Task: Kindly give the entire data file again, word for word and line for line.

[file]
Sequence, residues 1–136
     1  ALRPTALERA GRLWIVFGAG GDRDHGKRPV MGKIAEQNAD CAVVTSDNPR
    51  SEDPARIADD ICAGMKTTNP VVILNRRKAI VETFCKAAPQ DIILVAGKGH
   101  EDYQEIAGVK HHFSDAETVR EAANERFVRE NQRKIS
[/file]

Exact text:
Sequence, residues 1–136
     1  ALRPTALERA GRLWIVFGAG GDRDHGKRPV MGKIAEQNAD CAVVTSDNPR
    51  SEDPARIADD ICAGMKTTNP VVILNRRKAI VETFCKAAPQ DIILVAGKGH
   101  EDYQEIAGVK HHFSDAETVR EAANERFVRE NQRKIS